Gold Key was a comicbook publisher that never made much sense to me as a child. Even as a child it was obvious to me that the company was letting its licensed properties do all the heavy lifting. The publisher seemed to believe kids would buy anything as long as it had their favorite characters on the cover and, looking back at how long they made this business strategy work, they might not have been wrong. They managed to keep a STAR TREK comic in print for almost a decade, a feat that even Marvel and DC haven't been able to pull off.
In a sense, Gold Key was simply a company ahead of its time. By the 1990s, the major comics publishers had adopted a similar business model when they began to put a disproportionate amount of labor into the covers of their books, consequently neglecting the stories and art inside. Today, most independent comics publishers operate very much like Gold Key did in its prime, by staking a claim to any licensed property it can (whether it's VOLTRON, GHOSTBUSTERS or even DARK SHADOWS) to help support their original properties.
But damn, there's no denying that Gold Key knew how to package a book. While modern comics publishers sometimes fall back on die-cut covers, glow-in-the-dark ink and other gimmicks, Gold Key regularly smoked their competition with nothing more than a little watercolor and acrylic paint. Their books might have sucked, but they created some of the best (if under-appreciated) comics covers ever produced by the medium.
GEORGE WILSON was the artist who created most of the painted covers for Gold Key's DARK SHADOWS series, as well as for the company's FLASH GORDON, THE PHANTOM and TARZAN books. Not much is known about the guy, though. The EDGAR RICE BURROUGHS site www.erblist.com has this to say about the guy:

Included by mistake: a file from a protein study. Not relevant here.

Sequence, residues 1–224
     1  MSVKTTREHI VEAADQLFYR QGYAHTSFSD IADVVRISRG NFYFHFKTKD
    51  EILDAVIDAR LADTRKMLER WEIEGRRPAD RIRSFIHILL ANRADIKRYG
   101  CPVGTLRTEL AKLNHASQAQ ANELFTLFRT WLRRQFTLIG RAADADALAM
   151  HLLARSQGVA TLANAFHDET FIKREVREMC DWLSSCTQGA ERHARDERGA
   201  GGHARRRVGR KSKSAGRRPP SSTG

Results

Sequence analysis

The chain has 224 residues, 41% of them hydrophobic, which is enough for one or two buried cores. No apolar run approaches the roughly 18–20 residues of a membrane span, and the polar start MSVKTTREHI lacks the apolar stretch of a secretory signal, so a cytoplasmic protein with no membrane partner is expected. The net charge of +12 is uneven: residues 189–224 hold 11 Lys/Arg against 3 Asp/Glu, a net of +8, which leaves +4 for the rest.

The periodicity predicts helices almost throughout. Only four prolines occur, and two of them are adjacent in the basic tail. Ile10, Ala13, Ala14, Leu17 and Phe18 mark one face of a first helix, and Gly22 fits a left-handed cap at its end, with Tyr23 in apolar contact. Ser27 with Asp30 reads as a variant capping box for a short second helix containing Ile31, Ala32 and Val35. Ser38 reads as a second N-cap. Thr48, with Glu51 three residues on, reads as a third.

Part of Wilson's low profile comes from working for Gold Key, which relied almost heavily on licensed properties. He was also part of a generation of comic creators who saw their profession as a job, and rarely gave much thought to the dubious celebrity it brought with it. While the relative merits of Gold Key's books are debatable, it's hard to dispute that Wilson was an incredible talent whose work improved whatever book that accompanied it.
"I found only fragmented information on this artist who painted Gold Key’s covers. I have no birth date or place. He was in Normandy in the European theater in WWII. This suggests that he was born in the 1920s. He passed away on December 7, 1999. He was a prolific artist who did painted acrylic covers for paperback companies like Harlequin and Avon. His painted comic cover work was done for Classic Illustrated, Dell and then Gold Key. He did the covers for Turok, The Twilight Zone, The Phantom, Boris Karloff, The Outer Limits, The Jungle Twins, Brothers of the Spear, Star Trek, etc. His work on the 15 Avon Phantom paperbacks is a favorite series in my collection."
At the top of the page is Wilson's original comic art for issue #30 DARK SHADOWS, which was recently used as the cover for Vol. 5 of the Hermes Press reprints of this series. The next two images show the cover with the "paste up" lettering, and the final cover as it appeared in print.
If you want to see more of Wilson's work, check out this terrific gallery of his comic art.